We need to understand that the opening verses of chapter 7 are a description of revival, exemplified by Solomon’s humble prayer (chapter 6) and the fire of God descending on the burnt offering (7:1, 3). Verse 14 can then be taken to mean, ‘You see what happens when my people really do humble themselves and pray and seek my face …? I hear them from heaven. I forgive their sins and heal their land!’
Praying for a sovereign work
Furthermore, we read in 7:1-3 that ‘the glory of the Lord filled the temple’. God’s temple is now his church (Ephesians 2:19-22). Do we long for God to come and reveal his glory through us?
If so, we should pray with Isaiah, ‘Oh that you would rend the heavens! That you would come down! That the mountains might shake at your presence. As fire burns brushwood, as fire causes water to boil – to make your name known to your adversaries, that the nations may tremble’ (Isaiah 64:1-2).
But is there any point in praying for revival? Won’t it just come if God so chooses – or not, as the case may be? What difference can prayer make to a sovereign work of God? The book of Acts helps our thinking here.
The coming of the Holy Spirit at Pentecost had been promised and the disciples had been told to wait for this empowering to be bestowed in a sovereign manner (Acts 1:8). So, was there nothing for them to do except twiddle their thumbs and hang around till something happened?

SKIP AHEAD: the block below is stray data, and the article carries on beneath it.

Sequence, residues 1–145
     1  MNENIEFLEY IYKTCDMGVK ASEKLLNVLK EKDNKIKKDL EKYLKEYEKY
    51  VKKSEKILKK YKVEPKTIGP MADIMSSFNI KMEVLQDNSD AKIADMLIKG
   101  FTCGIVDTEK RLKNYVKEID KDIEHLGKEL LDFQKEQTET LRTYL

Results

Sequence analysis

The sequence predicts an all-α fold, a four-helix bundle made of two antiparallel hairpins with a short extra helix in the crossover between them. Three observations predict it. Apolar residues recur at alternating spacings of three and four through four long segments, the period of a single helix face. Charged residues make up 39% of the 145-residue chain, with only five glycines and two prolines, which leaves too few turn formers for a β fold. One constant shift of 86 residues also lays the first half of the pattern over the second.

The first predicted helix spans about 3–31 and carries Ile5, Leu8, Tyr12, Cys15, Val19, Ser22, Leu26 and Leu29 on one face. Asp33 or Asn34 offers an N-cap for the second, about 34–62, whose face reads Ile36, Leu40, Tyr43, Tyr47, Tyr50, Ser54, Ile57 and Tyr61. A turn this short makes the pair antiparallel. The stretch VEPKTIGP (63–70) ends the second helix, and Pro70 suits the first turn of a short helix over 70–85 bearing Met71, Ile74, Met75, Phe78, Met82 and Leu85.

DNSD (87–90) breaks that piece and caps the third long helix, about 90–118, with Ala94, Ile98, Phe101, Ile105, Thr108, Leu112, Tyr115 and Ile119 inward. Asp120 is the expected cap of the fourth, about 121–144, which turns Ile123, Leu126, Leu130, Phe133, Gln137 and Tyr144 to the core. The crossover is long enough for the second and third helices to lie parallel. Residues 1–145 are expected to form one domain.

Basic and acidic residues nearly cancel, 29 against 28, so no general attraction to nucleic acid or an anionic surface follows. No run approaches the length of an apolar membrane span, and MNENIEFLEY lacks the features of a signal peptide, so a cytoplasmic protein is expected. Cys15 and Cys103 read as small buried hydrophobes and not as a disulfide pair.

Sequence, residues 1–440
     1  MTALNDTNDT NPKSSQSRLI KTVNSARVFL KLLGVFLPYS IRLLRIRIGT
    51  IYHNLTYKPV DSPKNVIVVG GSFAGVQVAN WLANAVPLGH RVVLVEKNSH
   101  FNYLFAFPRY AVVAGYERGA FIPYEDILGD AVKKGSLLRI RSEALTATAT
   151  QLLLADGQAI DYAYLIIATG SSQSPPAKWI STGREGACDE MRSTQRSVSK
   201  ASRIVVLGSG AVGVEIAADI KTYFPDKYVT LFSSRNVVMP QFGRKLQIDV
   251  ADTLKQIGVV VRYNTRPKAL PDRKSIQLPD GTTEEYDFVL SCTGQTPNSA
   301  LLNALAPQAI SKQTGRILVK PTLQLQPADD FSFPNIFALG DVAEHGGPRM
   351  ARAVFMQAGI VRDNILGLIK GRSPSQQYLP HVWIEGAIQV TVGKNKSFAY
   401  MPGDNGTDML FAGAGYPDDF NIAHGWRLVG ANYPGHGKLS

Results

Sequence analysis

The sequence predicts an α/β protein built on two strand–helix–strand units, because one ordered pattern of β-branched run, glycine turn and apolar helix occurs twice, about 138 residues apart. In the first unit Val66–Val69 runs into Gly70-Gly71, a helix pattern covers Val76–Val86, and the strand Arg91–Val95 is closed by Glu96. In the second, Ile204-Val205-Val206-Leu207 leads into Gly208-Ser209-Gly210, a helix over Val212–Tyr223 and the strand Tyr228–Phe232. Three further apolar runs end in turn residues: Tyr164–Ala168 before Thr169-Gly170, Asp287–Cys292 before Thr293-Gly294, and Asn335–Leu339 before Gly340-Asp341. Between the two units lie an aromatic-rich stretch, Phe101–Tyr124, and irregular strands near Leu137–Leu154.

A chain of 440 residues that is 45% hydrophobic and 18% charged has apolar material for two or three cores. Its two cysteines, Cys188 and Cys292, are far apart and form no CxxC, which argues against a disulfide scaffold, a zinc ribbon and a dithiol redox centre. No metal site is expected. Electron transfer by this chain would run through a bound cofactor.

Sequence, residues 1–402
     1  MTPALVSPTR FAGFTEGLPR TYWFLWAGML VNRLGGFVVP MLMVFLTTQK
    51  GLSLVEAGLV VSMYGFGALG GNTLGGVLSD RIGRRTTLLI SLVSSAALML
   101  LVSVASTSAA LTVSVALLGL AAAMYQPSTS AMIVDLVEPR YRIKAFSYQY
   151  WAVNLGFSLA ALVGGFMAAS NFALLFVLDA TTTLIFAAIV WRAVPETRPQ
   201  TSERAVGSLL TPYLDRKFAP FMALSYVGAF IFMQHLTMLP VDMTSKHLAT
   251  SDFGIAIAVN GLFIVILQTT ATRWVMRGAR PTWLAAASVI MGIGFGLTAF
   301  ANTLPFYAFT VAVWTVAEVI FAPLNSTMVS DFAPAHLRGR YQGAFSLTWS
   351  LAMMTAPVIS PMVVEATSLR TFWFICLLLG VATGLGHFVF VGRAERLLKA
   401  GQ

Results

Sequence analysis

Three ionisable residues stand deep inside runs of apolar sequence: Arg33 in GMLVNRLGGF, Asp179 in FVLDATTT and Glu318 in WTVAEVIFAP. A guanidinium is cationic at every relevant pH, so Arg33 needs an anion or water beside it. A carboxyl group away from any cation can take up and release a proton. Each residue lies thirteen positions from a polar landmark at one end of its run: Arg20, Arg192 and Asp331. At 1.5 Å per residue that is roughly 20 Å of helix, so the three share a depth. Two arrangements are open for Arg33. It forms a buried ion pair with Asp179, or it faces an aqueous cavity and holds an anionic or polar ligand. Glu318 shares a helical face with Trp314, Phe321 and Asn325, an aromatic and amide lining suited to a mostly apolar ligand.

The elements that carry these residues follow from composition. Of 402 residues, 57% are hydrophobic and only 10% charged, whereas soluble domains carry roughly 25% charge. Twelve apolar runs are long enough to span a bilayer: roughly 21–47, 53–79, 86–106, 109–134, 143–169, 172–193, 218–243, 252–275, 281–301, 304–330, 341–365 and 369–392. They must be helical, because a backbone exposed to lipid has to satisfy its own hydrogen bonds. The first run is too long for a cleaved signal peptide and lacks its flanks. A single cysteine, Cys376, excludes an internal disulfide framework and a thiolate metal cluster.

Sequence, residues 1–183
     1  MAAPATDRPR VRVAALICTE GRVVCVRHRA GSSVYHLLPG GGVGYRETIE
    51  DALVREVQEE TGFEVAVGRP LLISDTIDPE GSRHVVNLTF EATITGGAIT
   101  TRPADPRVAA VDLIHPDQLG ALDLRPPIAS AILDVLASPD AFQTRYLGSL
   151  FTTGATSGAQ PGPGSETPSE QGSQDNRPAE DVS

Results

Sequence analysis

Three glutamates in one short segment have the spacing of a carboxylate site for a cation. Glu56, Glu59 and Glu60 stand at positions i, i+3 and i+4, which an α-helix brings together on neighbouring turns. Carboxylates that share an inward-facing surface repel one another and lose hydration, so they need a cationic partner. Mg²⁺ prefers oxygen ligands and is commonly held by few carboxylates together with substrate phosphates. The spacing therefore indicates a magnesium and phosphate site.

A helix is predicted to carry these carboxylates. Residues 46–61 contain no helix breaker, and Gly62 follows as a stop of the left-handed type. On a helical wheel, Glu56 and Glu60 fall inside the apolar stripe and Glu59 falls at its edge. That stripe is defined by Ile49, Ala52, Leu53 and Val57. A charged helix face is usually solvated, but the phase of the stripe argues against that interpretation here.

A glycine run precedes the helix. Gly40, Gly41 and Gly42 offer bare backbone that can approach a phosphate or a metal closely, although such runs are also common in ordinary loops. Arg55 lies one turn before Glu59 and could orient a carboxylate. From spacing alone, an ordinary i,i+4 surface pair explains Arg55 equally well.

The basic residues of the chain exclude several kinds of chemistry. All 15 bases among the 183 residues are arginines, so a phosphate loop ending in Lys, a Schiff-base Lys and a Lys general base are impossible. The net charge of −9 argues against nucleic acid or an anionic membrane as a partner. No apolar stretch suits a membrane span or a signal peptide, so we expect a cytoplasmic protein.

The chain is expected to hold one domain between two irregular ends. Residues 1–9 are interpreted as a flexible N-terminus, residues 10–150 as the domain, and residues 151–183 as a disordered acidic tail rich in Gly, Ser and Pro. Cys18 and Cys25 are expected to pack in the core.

Not at all! They united in persistent prayer until the Holy Spirit came like fire (Acts 1:14; 2:1-4). Obviously, their prayer did not make Pentecost happen. That was foreordained. But their prayer did express a fervent desire and readiness for the outpouring of the Spirit.
What happens when God comes down? There is awe – the people ‘bowed down their faces as they worshipped and praised the Lord’. The focus of their worship was God and his mercy – ‘For he is good, for his mercy endures for ever’ (7:3). Revival always debases men and exalts God.